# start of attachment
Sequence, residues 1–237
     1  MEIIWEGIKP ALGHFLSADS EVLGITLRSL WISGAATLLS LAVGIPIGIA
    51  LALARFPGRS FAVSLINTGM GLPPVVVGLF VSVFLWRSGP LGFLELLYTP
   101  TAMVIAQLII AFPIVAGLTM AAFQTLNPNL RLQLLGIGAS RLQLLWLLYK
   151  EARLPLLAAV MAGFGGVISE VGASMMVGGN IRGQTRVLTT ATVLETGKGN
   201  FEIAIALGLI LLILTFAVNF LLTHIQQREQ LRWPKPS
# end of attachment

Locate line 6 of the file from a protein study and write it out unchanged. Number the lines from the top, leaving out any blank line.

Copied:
   201  FEIAIALGLI LLILTFAVNF LLTHIQQREQ LRWPKPS